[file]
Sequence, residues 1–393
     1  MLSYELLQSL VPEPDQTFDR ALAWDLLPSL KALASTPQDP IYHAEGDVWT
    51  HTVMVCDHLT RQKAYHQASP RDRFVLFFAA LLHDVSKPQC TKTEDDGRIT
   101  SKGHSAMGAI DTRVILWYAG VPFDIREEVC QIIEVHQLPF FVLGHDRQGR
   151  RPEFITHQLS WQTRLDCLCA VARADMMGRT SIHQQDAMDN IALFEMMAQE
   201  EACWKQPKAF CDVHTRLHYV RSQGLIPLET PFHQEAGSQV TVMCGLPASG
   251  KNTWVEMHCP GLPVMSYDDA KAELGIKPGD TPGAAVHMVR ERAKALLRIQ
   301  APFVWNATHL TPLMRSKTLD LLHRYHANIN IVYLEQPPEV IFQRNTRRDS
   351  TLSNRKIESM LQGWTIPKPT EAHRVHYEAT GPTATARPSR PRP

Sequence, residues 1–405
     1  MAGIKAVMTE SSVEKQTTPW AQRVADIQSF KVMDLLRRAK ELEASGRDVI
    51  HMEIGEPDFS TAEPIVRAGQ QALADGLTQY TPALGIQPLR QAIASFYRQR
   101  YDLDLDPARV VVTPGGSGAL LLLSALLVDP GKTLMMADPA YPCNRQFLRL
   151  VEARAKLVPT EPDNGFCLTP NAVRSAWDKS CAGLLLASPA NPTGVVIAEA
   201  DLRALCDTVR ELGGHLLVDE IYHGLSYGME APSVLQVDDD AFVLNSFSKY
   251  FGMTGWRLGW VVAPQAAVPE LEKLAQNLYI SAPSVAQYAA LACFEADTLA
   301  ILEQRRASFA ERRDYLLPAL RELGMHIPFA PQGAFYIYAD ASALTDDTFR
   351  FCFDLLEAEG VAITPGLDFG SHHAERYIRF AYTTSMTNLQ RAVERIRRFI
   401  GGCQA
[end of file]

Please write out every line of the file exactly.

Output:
Sequence, residues 1–393
     1  MLSYELLQSL VPEPDQTFDR ALAWDLLPSL KALASTPQDP IYHAEGDVWT
    51  HTVMVCDHLT RQKAYHQASP RDRFVLFFAA LLHDVSKPQC TKTEDDGRIT
   101  SKGHSAMGAI DTRVILWYAG VPFDIREEVC QIIEVHQLPF FVLGHDRQGR
   151  RPEFITHQLS WQTRLDCLCA VARADMMGRT SIHQQDAMDN IALFEMMAQE
   201  EACWKQPKAF CDVHTRLHYV RSQGLIPLET PFHQEAGSQV TVMCGLPASG
   251  KNTWVEMHCP GLPVMSYDDA KAELGIKPGD TPGAAVHMVR ERAKALLRIQ
   301  APFVWNATHL TPLMRSKTLD LLHRYHANIN IVYLEQPPEV IFQRNTRRDS
   351  TLSNRKIESM LQGWTIPKPT EAHRVHYEAT GPTATARPSR PRP

Sequence, residues 1–405
     1  MAGIKAVMTE SSVEKQTTPW AQRVADIQSF KVMDLLRRAK ELEASGRDVI
    51  HMEIGEPDFS TAEPIVRAGQ QALADGLTQY TPALGIQPLR QAIASFYRQR
   101  YDLDLDPARV VVTPGGSGAL LLLSALLVDP GKTLMMADPA YPCNRQFLRL
   151  VEARAKLVPT EPDNGFCLTP NAVRSAWDKS CAGLLLASPA NPTGVVIAEA
   201  DLRALCDTVR ELGGHLLVDE IYHGLSYGME APSVLQVDDD AFVLNSFSKY
   251  FGMTGWRLGW VVAPQAAVPE LEKLAQNLYI SAPSVAQYAA LACFEADTLA
   301  ILEQRRASFA ERRDYLLPAL RELGMHIPFA PQGAFYIYAD ASALTDDTFR
   351  FCFDLLEAEG VAITPGLDFG SHHAERYIRF AYTTSMTNLQ RAVERIRRFI
   401  GGCQA